The Family Tree DNA R&D team formed by Göran Runfeldt and Michael Sager has reported detailed Y-SNPs of sampled Longobards from the open access paper Understanding 6th-century barbarian social organization and migration through paleogenomics, by Amorim et al. Nat. Commun. (2020). From the abstract:
We obtained ancient genomic DNA from 63 samples from two cemeteries (from Hungary and Northern Italy) that have been previously associated with the Longobards, a barbarian people that ruled large parts of Italy for over 200 years after invading from Pannonia in 568 CE. Our dense cemetery-based sampling revealed that each cemetery was primarily organized
… Read the rest “Longobards from Scandinavia, and the “Ural-Altaic” Árpád lineage”
I will post information on ISBA 8 sesions today as I see them on Twitter (see programme in PDF, and sessions from yesterday).
Official abstracts are listed first (emphasis mine), then reports and images and/or link to tweets. Here is the list for quick access:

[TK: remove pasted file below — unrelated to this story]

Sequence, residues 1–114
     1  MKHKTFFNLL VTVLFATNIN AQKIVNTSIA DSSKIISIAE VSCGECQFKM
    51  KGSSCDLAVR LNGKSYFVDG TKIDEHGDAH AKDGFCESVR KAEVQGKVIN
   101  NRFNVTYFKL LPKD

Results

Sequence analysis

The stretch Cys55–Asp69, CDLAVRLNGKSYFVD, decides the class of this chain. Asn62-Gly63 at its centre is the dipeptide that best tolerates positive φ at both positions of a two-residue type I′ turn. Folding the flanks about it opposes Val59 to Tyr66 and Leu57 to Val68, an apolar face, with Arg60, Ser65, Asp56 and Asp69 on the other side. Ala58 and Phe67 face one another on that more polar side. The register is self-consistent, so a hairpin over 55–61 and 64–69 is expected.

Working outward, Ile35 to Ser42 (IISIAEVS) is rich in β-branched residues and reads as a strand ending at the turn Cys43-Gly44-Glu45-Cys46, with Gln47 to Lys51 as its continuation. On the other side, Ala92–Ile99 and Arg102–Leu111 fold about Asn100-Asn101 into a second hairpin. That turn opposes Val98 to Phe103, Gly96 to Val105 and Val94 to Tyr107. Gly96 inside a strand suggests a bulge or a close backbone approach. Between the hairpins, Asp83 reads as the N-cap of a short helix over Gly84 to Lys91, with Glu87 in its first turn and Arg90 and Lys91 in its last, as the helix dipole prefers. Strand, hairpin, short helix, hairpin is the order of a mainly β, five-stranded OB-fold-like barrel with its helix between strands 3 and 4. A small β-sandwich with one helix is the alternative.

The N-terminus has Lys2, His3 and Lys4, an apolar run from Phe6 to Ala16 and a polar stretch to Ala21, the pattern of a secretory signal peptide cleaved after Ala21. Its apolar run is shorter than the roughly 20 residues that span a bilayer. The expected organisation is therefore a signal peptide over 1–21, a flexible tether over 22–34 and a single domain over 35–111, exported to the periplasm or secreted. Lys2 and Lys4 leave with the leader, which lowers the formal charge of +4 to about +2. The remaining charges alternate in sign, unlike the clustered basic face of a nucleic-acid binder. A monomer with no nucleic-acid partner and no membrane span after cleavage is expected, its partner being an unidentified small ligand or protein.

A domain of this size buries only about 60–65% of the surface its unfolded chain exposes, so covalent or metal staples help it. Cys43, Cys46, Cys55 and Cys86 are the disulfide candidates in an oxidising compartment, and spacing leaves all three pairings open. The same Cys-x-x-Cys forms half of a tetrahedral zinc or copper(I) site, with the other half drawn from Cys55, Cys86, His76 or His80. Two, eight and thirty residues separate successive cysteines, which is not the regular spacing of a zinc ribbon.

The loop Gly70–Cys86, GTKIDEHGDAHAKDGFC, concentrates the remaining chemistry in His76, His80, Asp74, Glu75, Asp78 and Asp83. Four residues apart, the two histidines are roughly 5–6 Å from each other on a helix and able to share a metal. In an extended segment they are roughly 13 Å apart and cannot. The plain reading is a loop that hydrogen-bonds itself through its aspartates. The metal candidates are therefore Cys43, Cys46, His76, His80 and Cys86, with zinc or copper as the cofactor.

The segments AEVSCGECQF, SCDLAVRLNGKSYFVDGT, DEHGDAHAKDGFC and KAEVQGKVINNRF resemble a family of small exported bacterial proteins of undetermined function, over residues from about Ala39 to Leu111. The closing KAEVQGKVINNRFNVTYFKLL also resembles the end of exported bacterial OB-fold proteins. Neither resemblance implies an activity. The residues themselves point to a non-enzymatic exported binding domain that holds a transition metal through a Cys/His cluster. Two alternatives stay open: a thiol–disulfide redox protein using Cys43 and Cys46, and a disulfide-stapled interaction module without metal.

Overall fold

Russian colonization in Yakutia
Exploring the genomic impact of colonization in north-eastern Siberia… Read the rest “Neolithic and Bronze Age Anatolia, Urals, Fennoscandia, Italy, and Hungary (ISBA 8, 20th Sep)”
New bioRxiv preprint A genetic perspective on Longobard-Era migrations, by Vai et al. (2018).
Interesting excerpts (emphasis mine):
In this study we sequenced complete mitochondrial genomes from nine early-medieval cemeteries located in the Czech Republic, Hungary and Italy, for a total of 87 individuals. In some of these cemeteries, a portion of the individuals are buried with cultural markers in these areas traditionally associated with the Longobard culture (hereby we refer to these cemeteries as LC), as opposed to burial communities in which no artifacts or rituals associated by archaeologists to Longobard culture have been found in any graves.
… Read the rest “Mitogenomes show Longobard migration was socially stratified and included females”
New preprint at BioRxiv, Understanding 6th-Century Barbarian Social Organization and Migration through Paleogenomics, by Amorim, Vai, Posth, et al. (2018)
Abstract (emphasis mine):
Despite centuries of research, much about the barbarian migrations that took place between the fourth and sixth centuries in Europe remains hotly debated. To better understand this key era that marks the dawn of modern European societies, we obtained ancient genomic DNA from 63 samples from two cemeteries (from Hungary and Northern Italy) that have been previously associated with the Longobards, a barbarian people that ruled large parts of Italy for over 200 years after invading
… Read the rest “Germanic tribes during the Barbarian migrations show mainly R1b, also I lineages”